The work of ReConnectRondo, Inc, (RCR) is quite a profound realization of two converging forces and realities that is spawning a nationwide conversational dialogue and spanning a range of diverse public, private and nonprofit organizations from all over the world, which arguably is the most significant project to positively affect “The Triple Bottom Line” — that includes addressing: Environmental, Economic, as well as Equitable Development and Sustainability for the Rondo community and surrounding neighborhoods in the Capitol City of Saint Paul, MN.

As a reckoning, the Rondo Land Bridge (RLB) Project represents a settling of accounts of sorts that does not “skirt past” the historical injustices, but, instead, intentionally and thoughtfully redresses (remedies or sets right) the unjust incongruences and the unsettling inconveniences that are now a part of a “forward thinking narrative” that RCR champions, through the Eight Community Values of Rondo, including:
*Dignity of Work
*Importance of Education
*Importance of Religion
*Social Integration
*Economic Independence
*Respect for Self

As a renaissance, the Rondo Land Bridge (RLB) Project represents a rebirth of interests with a historical praxis that aligns our work with the realities of the past, including the restoration of 600 homes and 300 businesses that were destroyed during the unfortunate I-94 decision making.

The Tragic Historical Record

George Herrold and the Northern Route for Interstate 94, is said to be one of the most telling accounts of the careless attitude many had towards transportation policy — and according the record, Mr Herrold’s words not only proved to be profound, but wise beyond his generation for sure.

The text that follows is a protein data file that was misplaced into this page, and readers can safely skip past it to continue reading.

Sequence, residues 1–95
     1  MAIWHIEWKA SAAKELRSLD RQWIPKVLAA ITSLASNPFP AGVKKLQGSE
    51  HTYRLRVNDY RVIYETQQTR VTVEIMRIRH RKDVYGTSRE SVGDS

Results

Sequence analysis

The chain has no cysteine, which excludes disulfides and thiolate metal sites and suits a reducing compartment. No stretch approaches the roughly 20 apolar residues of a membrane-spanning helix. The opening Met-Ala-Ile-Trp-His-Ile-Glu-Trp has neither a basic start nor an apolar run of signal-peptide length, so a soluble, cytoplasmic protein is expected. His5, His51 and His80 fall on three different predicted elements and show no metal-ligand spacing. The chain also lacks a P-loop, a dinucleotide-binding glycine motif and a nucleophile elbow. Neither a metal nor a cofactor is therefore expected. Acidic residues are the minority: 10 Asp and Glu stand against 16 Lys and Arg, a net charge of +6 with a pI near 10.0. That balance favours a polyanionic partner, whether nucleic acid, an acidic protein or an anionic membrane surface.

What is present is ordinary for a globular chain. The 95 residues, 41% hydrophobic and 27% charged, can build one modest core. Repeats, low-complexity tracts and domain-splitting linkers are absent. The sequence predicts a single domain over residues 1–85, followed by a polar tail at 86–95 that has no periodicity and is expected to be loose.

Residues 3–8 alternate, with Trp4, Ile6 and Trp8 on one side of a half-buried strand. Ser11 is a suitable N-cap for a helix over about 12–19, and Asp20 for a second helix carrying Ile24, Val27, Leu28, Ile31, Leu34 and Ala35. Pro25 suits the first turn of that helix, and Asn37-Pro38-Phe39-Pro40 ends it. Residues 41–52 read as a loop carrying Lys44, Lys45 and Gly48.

On November 1, 1945 the Pioneer Press offered their support for a new highway, one accessible to the University of Minnesota and designed to offer Minneapolis residents a way to “reach the State Capitol with more ease.” Highway department officials maintained that St. Anthony Avenue, running parallel to University and Marshall from downtown to the western city line, was the best option for the new highway.

Saint Paul’s eighty-two year old “founder of city planning” George Herrold, city planner since 1920 and regarded in local political circles to be an “unbending idealist,” voiced concerns about a placing a new highway on Saint Anthony Avenue (known as the St. Anthony Route). He believed the proposed route, if built to the scale being considered by officials, would cut the life out of the long established Prospect Park and Rondo neighborhoods. Herrold felt that it was the city’s civic duty to protect the interests of those citizens. While this was his most significant problem with the Highway Department’s planned route, it wasn’t the only one.